08-10-2007 - Spread of bluetongue confirms animal diseases on the rise
Viruses from tropical countries are moving to temperate zones
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8 October 2007, Rome – The recent arrival of the bluetongue virus in the United Kingdom indicates again that animal diseases are advancing globally and countries will have to invest more in surveillance and control measures, FAO said today.
“No country can claim to be a safe haven with respect to animal diseases,” said FAO Chief Veterinary Officer Joseph Domenech.
“Transboundary animal diseases that were originally confined to tropical countries are on the rise around the globe. They do not spare temperate zones including Europe, the United States and Australia,” he added.
Globalization, the movement of people and goods, tourism, urbanization and probably also climate change are favouring the spread of animal viruses around the planet.
“The increased mobility of viruses and their carriers is a new threat that countries and the international community should take seriously. Early detection of viruses together with surveillance and control measures are needed as effective defence measures,” Domenech said.
“This requires strong political support and funding for animal health and more adequate veterinary services. Many countries are still not prepared to deal with this new threat,” he added.
Disease bugs on the move
Examples of human and animal disease agents that were previously mainly found in tropical regions and that have spread internationally include: West Nile Virus, transmitted by mosquitos, carried by birds and sometimes affecting also humans; Leishmaniasis, a parasitic disease that spreads through the bite of infected sand flies; and tick-borne Crimean Congo Haemorrhagic Fever. African horse sickness, a disease transmitted by the same midges that also carry bluetongue, may follow soon. African swine fever has recently reached Georgia and Armenia and poses a threat to neighbouring countries.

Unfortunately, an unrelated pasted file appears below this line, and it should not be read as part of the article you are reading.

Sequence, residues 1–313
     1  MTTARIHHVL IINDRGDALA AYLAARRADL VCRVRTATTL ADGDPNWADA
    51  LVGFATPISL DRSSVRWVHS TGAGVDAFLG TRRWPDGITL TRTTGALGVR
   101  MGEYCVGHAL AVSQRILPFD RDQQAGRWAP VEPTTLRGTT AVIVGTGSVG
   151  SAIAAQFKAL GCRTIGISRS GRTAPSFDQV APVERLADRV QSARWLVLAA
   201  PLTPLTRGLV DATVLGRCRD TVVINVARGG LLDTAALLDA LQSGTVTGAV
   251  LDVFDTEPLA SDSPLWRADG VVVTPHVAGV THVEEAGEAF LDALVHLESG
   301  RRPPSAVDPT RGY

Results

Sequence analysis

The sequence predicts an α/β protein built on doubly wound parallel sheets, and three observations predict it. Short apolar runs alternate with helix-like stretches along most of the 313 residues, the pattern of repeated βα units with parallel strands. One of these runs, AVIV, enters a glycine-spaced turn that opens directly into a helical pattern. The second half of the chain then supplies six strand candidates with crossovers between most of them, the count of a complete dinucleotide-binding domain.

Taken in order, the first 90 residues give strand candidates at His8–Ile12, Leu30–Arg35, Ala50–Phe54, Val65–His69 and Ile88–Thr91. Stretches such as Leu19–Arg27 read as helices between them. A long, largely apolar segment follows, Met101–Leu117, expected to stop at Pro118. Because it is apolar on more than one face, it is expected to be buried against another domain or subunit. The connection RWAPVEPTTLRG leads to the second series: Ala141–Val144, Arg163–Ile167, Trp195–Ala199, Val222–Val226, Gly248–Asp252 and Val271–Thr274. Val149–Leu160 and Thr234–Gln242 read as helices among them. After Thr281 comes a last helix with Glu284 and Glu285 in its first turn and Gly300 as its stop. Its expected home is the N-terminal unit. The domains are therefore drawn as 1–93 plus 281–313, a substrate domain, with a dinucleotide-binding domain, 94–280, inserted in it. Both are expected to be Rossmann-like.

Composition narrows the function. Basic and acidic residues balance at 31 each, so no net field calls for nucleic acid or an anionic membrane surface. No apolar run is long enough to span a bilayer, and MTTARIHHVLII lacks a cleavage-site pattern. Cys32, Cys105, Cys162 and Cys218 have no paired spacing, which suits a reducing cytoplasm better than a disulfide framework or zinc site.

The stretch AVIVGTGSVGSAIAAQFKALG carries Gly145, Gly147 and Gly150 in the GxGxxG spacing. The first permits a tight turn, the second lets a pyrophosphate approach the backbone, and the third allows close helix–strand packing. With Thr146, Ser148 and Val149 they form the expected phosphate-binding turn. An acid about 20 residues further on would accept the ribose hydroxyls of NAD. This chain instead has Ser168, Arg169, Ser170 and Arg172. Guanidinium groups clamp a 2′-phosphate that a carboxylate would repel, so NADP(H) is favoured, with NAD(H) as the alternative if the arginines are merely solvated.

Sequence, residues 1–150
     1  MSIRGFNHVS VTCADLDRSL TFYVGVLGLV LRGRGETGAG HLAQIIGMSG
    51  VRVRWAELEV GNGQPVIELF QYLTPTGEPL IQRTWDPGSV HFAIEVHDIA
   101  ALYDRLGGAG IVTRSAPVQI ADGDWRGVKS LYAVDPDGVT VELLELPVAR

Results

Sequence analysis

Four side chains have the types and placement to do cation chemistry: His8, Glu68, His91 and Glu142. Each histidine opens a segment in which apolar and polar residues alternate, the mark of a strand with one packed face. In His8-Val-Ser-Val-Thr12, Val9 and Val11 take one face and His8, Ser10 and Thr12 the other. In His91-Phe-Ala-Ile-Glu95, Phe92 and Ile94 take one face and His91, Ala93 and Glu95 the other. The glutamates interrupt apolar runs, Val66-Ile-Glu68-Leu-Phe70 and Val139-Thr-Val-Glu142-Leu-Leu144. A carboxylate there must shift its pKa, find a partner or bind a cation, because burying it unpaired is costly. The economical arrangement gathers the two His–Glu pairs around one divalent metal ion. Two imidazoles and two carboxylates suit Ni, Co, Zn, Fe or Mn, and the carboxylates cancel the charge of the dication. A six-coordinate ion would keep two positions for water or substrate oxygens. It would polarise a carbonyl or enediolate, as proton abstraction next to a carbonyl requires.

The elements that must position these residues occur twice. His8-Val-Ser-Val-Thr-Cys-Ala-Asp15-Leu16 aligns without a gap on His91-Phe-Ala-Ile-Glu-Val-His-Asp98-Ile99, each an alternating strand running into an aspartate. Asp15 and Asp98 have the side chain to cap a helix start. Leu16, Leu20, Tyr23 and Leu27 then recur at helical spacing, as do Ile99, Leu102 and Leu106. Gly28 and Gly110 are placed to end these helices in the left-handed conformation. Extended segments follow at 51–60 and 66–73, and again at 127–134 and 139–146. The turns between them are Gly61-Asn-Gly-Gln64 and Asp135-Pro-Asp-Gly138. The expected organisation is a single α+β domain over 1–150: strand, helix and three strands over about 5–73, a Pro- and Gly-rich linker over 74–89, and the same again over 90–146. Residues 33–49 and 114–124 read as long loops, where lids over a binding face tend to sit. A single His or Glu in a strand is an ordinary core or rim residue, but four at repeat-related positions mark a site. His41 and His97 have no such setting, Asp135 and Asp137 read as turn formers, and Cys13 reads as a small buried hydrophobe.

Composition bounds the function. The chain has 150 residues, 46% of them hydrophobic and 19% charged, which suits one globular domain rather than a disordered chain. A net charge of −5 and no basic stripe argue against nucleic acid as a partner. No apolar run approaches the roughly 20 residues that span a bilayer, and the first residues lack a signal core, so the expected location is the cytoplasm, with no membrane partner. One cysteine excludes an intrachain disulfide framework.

Mosquitos that can transmit major human diseases such as yellow fever, dengue and chickunguya have already reached European countries and may constitute a major public health concern.
The non-contagious bluetongue virus affects all ruminants (cattle, goats, deer and sheep) although symptoms are generally more severe in sheep. The virus, spread by Culicoides insects, is not transmitted directly between animals and does not affect humans.
Bluetongue was first discovered in South Africa but has spread to many countries. It had crossed the Mediterranean by the end of the 1990s. Since the summer of 2006, the virus has been found in Belgium, Germany, Luxemburg, the Netherlands and the north of France and most recently in the UK.
The reason why bluetongue has spread to northern Europe remains unclear. The virus is apparently adapting to new local insect carriers of the Culicoides genus which survive cold temperatures.
“We never expected that the bluetongue virus could affect European countries at such high latitudes,” said FAO Animal Health Officer Stephane de la Rocque. “The virus is already endemic in Corsica and Sardinia but could also persist in northern European countries.”